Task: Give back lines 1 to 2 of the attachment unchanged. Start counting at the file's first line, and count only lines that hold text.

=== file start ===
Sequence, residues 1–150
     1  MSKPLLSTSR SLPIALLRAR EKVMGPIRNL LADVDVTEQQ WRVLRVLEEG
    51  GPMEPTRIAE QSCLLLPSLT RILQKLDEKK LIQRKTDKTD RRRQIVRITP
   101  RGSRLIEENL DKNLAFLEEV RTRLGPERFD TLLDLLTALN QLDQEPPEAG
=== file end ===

Sequence, residues 1–150
     1  MSKPLLSTSR SLPIALLRAR EKVMGPIRNL LADVDVTEQQ WRVLRVLEEG